The Beat, CT Scan and Checkpoint

The Beat

New tools to fight organised crime

Commenting on the UK’s Serious and Organised Crime Act 2015, Anna Sergi argues that the new law may create more problems.

She considers criminalising association with organised crime groups to be problematic because legislation struggles to deal with the complex reality of organised crime. (Australian researchers have made similar arguments.) Sergi thinks the law is unnecessary because crimes like conspiracy exist, and proving ‘association’ will be difficult.

Australia doesn’t have a law criminalising association with organised crime groups, although there’s currently a bill before Parliament that would criminalise being ‘knowingly concerned’ with a criminal enterprise. Perhaps it’s time to discuss whether law enforcement might find additional tools useful to hold those who are disengaged, yet involved in crime.

Counterfeiters want a piece of the pie

It’s no secret that Australian coffee and smashed avocado are taking the world by storm, but it’s Australia’s reputation for quality food that’s under threat. Our food safety standards mean Australian products are highly regarded overseas, which makes us vulnerable to exploitation from food counterfeiters. Check out the full ABC report here.

CT Scan

Reformed extremists

This week, Emmy award winning filmmaker Deeyah Khan released a documentary (see a preview here) that includes interviews with former Islamist extremists and ordinary Muslim youth (50 mins). In revealing footage, one of the ‘founding fathers of Western Jihad’ Abu Muntasir weeps as he explains his regret about his past of recruiting foreigners to extremist groups. The documentary offers firsthand accounts of the alienation experienced by some children of immigrants that can leave them vulnerable to radicalisation. Equally, it exposes the revelations that can lead some to turn away from extremism. See here and here for the key takeaways.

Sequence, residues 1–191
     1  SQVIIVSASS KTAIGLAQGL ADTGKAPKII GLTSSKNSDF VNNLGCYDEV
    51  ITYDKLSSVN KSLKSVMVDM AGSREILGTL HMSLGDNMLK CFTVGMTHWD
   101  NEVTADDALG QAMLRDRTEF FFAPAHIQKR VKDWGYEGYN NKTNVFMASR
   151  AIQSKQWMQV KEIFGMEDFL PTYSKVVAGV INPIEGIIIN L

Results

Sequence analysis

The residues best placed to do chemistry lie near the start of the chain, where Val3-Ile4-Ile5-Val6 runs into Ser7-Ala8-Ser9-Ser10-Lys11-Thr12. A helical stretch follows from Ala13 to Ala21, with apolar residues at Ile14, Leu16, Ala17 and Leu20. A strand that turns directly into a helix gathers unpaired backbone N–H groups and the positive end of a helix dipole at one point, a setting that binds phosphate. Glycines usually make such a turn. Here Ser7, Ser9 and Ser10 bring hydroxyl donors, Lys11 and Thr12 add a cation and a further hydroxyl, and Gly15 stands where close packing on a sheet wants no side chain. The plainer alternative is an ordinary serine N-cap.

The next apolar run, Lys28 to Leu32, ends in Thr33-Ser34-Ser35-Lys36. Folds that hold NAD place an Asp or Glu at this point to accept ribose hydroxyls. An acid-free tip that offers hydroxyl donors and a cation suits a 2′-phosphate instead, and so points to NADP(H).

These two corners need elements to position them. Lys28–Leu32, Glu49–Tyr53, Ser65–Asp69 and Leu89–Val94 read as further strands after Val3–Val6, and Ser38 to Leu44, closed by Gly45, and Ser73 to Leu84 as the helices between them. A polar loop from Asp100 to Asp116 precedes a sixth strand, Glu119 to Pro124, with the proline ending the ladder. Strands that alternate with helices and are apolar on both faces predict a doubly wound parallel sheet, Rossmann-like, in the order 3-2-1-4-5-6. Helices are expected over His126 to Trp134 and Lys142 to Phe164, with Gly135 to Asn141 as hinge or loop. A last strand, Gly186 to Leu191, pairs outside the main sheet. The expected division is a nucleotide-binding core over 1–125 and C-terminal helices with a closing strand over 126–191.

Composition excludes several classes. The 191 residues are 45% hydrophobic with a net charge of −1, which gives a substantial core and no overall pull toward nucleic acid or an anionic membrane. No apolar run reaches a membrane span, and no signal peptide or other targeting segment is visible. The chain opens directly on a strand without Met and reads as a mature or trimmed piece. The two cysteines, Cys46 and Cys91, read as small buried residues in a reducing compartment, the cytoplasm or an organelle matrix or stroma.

Southasian militant groups

Quilliam’s new report sets out Islamic State’s impact on militant groups in Pakistan, Afghanistan and India. The authors explore regional and international trends to produce a set of recommendations for how governments and civil society can work to tackle radicalisation.

Countering online propaganda

Former reviewer of the UK’s counter-terrorism laws Lord Carlisle recommends that we ‘fight fire with the same sort of fire’ and recruit computer game developers to help with online counter-narratives. On the other hand, James Carafono of The Heritage Foundation writes that the most effective way to counter online propaganda is to target those committing terrorism in the physical world. Without people to carry out physical attacks, ‘the online threat is little more than an angry troll.’


MERS likely to reach Australia

 While Middle East Respiratory Syndrome (MERS) hasn’t yet reached Australia, Professor Sanjaya Senanayake, an infectious disease specialist at ANU, said the first case likely isn’t too far away. While authorities here continue to implement prevention measures and plan for patient zero, Seoul has reported 20 fatalities and 162 infections. The outbreak in has encouraged more than 100,000 foreign visitors to cancel their trips to South Korea.

Central American migrants now caught in Mexico

The Washington Office on Latin America has reported that Mexican migration authorities have been intervening to stop the flow of US-bound migration from El Salvador, Guatemala and Honduras. In 2013–14, such migration led to more than 162,000 arrests at the US border.

Mexico recorded almost 93,000 migrant detentions in 2014–15, dwarfing the 49,000 cases recorded in the US. Mexico now detains more Central American migrants than the US does, suggesting that the migrant crisis has been transferred rather than addressed.